Governor Cuomo’s still-exploding nursing-home scandal has finally galvanized Democratic legislators to challenge his authority.
It’s one logical response to an avalanche of ugly news: Attorney General Letitia James’ scathing report on the undercount of nursing-home and long-care facility deaths, the even-more-damning Empire Center analysis that shows the March 25 did indeed lead to hundreds more deaths, top Cuomo aide Melissa DeRosa’s admission that the coverup was completely intentional, plus Cuomo’s unhinged attack on Queens Assemblyman Ron Kim and his pathtetic “I will fight the liars” press conference Friday.
Republican leaders in both the Assembly and state Senate have called out Cuomo for months over the COVID-19-related nursing-home deaths and his arbitrary, jobs-killing lockdowns. Now Democrats are on board. Last week, a Democratic Gang of 14 senators co-signed a letter demanding the revocation of Cuomo’s emergency powers while Senate GOP Leader Rob Ortt called for a special session to immediately strip the gov of that near-total authority.
Nine Assembly Democrats have joined embattled Assemblyman Kim in seeking to revoke Cuomo’s emergency powers, now set to expire April 30. Like Kim, they believe that Cuomo abused that authority with his arbitrary mandates and restrictions on social gatherings as well as obscuring the true death toll in the state’s care homes.
Senate Majority Leader Andrea Stewart-Cousins (D-Westchester) is trying to split the difference. She’s poised to pass legislation creating a bipartisan commission to review Gov. Cuomo’s emergency directives — not take away his ability to issue them.
It’s not a rebuke of the gov’s handling of the pandemic, she says: “I consider it a reality of where we are now. We are not trying to slow anything down. We want to get the information before you do it.” Don’t be surprised if any commission takes until April 30 to report back.
Assembly Speaker Carl Heastie (D-Bx) is even worse, we hear: He’s apparently set to protect Cuomo, and even likely to go along with the governor’s request to extend his emergency powers well past April 30.
It has been nearly a year since the Legislature abdicated its role as a co-equal branch of government as the pandemic began to hit. Lawmakers were likely relieved that he’d shoulder the blame alone if anything went wrong.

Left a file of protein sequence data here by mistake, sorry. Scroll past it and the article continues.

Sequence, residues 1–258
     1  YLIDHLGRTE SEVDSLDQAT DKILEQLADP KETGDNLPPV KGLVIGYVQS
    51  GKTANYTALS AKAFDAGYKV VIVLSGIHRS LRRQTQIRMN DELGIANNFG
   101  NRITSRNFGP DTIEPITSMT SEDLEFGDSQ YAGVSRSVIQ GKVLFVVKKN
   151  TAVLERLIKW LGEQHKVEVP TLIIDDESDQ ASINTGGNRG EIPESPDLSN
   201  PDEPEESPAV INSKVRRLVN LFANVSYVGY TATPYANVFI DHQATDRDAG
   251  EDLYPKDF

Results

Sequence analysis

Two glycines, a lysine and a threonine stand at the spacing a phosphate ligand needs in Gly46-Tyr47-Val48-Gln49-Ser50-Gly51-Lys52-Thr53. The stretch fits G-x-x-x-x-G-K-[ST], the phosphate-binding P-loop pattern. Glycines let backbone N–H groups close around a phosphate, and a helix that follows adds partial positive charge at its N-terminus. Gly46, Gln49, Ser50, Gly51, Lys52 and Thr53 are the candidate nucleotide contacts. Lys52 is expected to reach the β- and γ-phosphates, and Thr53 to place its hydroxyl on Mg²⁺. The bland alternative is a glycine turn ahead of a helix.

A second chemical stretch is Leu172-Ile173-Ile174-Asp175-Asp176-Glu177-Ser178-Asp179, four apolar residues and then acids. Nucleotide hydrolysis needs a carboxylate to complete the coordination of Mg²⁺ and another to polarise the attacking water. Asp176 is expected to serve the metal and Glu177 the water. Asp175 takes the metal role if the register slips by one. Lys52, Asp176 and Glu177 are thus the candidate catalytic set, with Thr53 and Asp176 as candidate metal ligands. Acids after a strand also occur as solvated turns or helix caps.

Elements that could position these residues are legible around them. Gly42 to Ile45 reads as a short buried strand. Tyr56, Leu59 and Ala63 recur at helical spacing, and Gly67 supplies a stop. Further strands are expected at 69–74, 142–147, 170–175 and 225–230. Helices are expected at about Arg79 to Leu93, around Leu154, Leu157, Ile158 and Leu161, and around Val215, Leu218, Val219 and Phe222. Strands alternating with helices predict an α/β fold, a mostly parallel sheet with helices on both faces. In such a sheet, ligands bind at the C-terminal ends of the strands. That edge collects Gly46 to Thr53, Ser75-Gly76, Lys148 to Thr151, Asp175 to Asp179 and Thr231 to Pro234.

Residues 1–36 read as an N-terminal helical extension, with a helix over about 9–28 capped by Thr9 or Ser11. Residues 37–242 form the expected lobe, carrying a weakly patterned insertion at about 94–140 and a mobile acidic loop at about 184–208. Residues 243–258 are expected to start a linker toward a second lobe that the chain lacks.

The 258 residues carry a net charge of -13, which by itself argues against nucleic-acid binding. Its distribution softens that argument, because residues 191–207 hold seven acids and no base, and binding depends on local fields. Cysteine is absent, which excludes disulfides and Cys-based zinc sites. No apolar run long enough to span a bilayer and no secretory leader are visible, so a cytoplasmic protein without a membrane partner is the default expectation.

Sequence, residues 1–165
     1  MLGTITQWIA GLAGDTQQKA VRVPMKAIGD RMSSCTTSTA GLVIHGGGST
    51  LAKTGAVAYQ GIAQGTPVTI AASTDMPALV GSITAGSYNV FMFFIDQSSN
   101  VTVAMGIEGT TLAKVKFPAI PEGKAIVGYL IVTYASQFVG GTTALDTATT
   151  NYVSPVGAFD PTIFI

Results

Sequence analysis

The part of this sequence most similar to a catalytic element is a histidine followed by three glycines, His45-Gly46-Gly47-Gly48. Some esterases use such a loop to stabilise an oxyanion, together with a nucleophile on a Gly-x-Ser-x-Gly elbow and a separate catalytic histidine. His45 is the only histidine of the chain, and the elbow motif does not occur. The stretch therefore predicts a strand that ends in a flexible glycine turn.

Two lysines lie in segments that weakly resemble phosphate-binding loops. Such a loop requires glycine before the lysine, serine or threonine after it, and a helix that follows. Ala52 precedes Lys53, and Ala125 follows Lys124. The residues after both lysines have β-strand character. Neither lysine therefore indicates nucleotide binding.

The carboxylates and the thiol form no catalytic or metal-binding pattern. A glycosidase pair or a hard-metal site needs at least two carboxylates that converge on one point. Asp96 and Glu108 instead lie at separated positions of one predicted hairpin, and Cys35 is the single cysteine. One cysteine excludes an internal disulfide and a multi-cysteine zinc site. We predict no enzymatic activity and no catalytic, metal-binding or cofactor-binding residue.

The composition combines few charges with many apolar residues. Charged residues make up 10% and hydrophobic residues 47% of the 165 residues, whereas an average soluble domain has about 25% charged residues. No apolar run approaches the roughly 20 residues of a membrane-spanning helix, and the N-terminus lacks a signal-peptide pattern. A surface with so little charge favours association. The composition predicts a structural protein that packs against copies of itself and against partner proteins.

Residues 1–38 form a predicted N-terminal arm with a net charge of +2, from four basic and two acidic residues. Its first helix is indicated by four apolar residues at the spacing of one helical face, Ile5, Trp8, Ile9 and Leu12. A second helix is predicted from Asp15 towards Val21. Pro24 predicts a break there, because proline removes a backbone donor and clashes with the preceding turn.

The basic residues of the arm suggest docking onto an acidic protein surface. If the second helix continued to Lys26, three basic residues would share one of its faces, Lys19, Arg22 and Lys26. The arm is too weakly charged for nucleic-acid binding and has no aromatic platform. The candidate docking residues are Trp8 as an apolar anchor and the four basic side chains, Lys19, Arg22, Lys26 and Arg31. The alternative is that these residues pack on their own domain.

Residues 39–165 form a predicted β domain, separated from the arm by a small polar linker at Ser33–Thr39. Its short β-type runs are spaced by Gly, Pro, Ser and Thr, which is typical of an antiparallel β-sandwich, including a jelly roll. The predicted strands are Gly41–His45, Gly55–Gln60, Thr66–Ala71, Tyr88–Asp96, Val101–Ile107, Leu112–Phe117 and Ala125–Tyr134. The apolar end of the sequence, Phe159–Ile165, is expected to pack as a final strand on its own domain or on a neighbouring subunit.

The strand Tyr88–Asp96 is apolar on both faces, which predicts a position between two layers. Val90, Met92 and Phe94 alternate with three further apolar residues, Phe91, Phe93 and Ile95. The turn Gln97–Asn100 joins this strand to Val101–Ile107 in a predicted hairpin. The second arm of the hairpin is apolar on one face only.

Now the deaths of thousands of their constituents’ elderly loved ones has shaken at least some of them from their slumber, but going down the road towards impeachment (as Assembly Republicans want) is a bridge too far for most Democrats, at least for now.
Complicating matters, the loudest Democratic voices slamming Cuomo tend to be the hard-left progressives, who’ve long resented his refusal to go along with their most extreme demands. But a decade of this governor’s high-handedness — including what many see as his double-dealing when it comes to legislative pay hikes —has left many others privately seething, as well.
It’s all well and good that lawmakers are pushing new measures to tighten rules for the homes, and calling for hearings on Team Cuomo’s handling of them. But that’s not enough.
While it is too late for those who were lost, nixing those emergency powers would show some spine, and provide a measure of solace for the still-grieving families.
And legislators with any conscience absolutely must revolt if their leaders try to go along with any extension of those powers — holding up the budget if he tries to sneak it through in some midnight move.
Only utter cowards would leave getting at the truth to the FBI and the US Attorney’s Office for the Eastern District of New York, which have reportedly opened probes into Team Cuomo’s handling of nursing homes amid the pandemic.
Rank-and-file legislators need to show they’re willing to actually do their jobs, even if their leaders want to keep playing footsie with a governor who has blood on his hands.